Will investors now move on from Greece?

By Jeremy Gaunt, European Investment Correspondent

LONDON (BestGrowthStock) – The European Union, the European Central Bank and International Monetary Fund have moved to muffle the euro sovereign debt crisis, so the week ahead will be the test of whether investors can still hear anything.

It will also feature one of the biggest data releases of the month — U.S. jobs — but global reaction will be muted as it comes when major markets are either closed or on a short day.

Investors may also keep a close eye on emerging market stocks, which contrary to their billing have been underperforming.

The main issue, however, is almost certain to be Greece.

For a small country that is best known for its ruins and beaches, it has had a remarkable run in the market limelight this year, fostering on-again off-again caution on equity markets and, most of all, shaking faith in the euro.

The single currency has fallen more than 6.5 percent against the dollar this year as investors have questioned the short- and long-term sustainability of a currency that meshes dynamic northern economies with ill-disciplined southern ones.

A new phase has been entered, however, with the EU and IMF pledging assistance to Greece — and implicitly to other weak links such as Portugal — if needed.

The ECB also has said it will keep its current minimum rating threshold for collateral accepted against central bank funds beyond year-end, essentially ensuring that country ratings downgrades will not immediately cut banks off from borrowing.

In theory, this should draw a line under the crisis, assuring investors there will be no messy defaults and breakups and allowing borrowing costs in stricken countries to fall.

Indeed, the euro rose on Friday, Greek and other peripheral economy bonds were outperforming German debt and the cost of insuring Greek bonds against default fell.

But the question investors will likely answer in the week ahead, is whether they reckon they can move on from the crisis or whether it is too large and too wide to be contained.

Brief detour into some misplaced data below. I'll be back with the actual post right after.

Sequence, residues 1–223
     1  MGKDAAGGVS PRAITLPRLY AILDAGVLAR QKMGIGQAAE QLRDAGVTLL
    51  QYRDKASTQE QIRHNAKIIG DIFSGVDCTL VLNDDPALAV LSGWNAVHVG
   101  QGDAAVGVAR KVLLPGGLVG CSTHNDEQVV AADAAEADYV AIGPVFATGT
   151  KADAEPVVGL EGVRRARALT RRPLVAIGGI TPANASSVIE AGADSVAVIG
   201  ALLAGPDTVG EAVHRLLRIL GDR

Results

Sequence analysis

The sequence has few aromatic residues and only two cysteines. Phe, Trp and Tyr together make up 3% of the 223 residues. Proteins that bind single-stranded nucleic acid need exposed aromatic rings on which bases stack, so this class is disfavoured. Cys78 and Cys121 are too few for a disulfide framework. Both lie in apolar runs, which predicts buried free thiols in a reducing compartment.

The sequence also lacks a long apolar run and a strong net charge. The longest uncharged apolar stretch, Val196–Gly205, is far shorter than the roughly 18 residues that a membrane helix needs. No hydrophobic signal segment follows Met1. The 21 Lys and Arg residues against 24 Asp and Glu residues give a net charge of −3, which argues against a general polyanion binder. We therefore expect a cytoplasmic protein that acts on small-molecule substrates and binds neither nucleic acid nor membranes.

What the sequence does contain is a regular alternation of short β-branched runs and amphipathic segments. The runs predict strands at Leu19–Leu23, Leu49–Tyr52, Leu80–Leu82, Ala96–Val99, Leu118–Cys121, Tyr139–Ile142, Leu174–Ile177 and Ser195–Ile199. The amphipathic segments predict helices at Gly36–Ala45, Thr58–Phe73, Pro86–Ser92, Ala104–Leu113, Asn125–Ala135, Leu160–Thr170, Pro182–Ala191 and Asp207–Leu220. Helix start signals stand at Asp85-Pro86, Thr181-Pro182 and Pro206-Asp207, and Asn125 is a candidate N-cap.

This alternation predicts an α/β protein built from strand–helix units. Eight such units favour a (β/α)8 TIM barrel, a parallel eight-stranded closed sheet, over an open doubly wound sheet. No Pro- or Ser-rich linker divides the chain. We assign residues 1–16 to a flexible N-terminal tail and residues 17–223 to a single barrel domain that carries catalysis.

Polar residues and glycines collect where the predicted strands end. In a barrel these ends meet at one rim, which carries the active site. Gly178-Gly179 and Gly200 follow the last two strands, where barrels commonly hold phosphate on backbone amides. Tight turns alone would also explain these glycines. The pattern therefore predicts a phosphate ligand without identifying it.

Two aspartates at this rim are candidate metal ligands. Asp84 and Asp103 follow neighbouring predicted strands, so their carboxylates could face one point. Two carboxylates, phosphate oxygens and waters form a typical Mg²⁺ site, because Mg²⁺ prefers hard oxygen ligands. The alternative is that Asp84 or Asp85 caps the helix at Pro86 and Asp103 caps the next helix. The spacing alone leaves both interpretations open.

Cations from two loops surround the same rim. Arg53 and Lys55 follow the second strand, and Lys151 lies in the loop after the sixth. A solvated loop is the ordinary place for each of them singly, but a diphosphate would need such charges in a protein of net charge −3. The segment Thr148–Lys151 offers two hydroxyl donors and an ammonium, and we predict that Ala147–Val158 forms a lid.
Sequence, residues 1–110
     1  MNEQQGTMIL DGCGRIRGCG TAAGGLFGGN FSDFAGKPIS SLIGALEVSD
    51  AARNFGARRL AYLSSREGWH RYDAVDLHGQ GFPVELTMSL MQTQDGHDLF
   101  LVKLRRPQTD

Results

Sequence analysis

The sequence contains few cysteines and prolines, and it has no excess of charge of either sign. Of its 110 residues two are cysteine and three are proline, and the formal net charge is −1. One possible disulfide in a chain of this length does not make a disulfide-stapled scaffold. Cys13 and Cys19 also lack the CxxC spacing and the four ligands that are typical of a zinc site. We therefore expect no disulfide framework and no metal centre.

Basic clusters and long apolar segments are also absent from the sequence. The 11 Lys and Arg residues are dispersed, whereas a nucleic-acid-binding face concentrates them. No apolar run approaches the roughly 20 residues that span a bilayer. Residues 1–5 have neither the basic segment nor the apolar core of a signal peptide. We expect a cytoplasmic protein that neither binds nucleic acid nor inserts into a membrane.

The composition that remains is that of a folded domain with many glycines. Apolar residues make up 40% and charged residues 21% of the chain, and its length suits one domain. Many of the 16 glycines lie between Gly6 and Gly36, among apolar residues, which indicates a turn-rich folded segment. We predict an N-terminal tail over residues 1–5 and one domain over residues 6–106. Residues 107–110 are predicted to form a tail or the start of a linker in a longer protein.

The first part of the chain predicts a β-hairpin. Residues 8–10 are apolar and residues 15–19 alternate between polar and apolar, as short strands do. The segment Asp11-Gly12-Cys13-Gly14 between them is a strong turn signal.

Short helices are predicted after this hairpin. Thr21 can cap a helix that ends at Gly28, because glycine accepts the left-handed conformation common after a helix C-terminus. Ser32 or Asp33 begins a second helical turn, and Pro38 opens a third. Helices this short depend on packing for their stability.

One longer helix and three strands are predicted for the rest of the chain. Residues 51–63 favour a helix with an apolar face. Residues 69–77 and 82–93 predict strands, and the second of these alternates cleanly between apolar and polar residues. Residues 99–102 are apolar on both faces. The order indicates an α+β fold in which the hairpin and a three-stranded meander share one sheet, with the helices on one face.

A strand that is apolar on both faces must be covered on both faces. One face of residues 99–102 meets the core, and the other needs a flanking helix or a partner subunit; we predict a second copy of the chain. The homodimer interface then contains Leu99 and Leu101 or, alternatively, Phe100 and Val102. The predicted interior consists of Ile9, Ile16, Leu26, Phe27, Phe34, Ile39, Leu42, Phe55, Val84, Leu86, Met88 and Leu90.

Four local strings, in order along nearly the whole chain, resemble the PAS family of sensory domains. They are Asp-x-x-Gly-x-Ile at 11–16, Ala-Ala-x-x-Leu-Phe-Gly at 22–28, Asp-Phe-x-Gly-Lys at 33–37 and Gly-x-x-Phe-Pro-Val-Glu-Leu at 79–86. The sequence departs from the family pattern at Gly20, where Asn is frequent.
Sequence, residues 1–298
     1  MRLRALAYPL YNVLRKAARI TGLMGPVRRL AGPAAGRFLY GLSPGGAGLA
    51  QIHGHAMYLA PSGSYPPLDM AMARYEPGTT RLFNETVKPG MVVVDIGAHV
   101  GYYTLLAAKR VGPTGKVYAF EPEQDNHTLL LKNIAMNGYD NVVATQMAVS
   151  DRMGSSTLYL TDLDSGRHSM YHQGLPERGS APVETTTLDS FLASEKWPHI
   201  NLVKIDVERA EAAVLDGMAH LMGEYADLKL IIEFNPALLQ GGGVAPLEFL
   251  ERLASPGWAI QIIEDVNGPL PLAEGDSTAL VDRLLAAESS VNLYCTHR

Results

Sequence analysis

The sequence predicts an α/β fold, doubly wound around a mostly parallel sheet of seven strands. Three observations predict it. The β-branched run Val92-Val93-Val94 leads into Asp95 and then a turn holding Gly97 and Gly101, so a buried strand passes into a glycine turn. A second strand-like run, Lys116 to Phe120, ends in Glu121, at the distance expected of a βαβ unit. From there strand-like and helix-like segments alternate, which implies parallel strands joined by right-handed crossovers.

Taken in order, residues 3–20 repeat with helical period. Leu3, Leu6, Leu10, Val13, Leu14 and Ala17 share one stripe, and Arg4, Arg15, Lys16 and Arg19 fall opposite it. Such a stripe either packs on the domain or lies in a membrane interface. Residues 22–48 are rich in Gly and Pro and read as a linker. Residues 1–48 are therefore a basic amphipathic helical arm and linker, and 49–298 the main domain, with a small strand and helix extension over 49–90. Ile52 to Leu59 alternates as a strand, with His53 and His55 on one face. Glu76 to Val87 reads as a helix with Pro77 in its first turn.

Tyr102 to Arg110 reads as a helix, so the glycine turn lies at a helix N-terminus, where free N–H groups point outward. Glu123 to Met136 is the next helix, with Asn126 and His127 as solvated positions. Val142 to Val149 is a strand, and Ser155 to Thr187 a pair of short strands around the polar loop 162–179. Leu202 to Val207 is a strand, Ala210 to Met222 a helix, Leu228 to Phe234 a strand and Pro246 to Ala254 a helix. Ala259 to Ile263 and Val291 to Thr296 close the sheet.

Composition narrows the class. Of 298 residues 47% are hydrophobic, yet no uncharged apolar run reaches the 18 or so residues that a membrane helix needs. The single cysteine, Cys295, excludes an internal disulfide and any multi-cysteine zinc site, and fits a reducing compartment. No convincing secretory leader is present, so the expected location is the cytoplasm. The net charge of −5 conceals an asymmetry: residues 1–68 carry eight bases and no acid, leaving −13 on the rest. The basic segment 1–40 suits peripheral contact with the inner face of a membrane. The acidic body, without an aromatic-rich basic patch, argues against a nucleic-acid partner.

Portugal, after all, was downgraded just as the EU was coming up with its ‘Save Greece’ plan.

“The issue of country indebtedness is going to be with us all year and next year on a kind of revolving basis,” said Michael O’Sullivan, head of global asset allocation for Credit Suisse’s private bank.


It is not just the euro that will be effected if the debt crisis expands. There are broad implications for all kinds of assets, particularly those where there is more risk.

Some of those are already struggling. World equities as measured by MSCI are up only around 1.75 percent so far this year, which is nearly a quarter over.

Even that, however, masks a diverging risk picture. Developed market stocks are up nearly 2 percent; emerging markets are barely in the black.

Given that many investors have looked at emerging markets as their most likely target for returns, this reflects something of a setback.

While few if any analysts or investors would question the long-term growth story of emerging markets, it may be that a combination of the doubling of the MSCI stock index during last year’s rally, plus general volatility and global economic uncertainty has taken the sheen off for the time being.

“Valuations are no longer cheap. Investors can’t get any return on deposits or fixed income so they have been piling into equities or emerging markets. But inflows have not been anything like what they were in the last 7-9 months of 2009,” said William Calvert, portfolio manager at AXA Framlington.

On the macroeconomic front, meanwhile, the big event of the week ahead may lack its usual punch.

U.S. non-farm payrolls report to be released on Friday is expected to show the creation of some 168,000 jobs in March.

But Asian markets will be closed, Europeans on holiday and U.S. investors planning a short day ahead of a long weekend.

So reaction to any good or bad news will mostly have to wait until the week after.

Stock Investing

(Additional reporting by Sujata Rao; Editing by Toby Chopra)

Will investors now move on from Greece?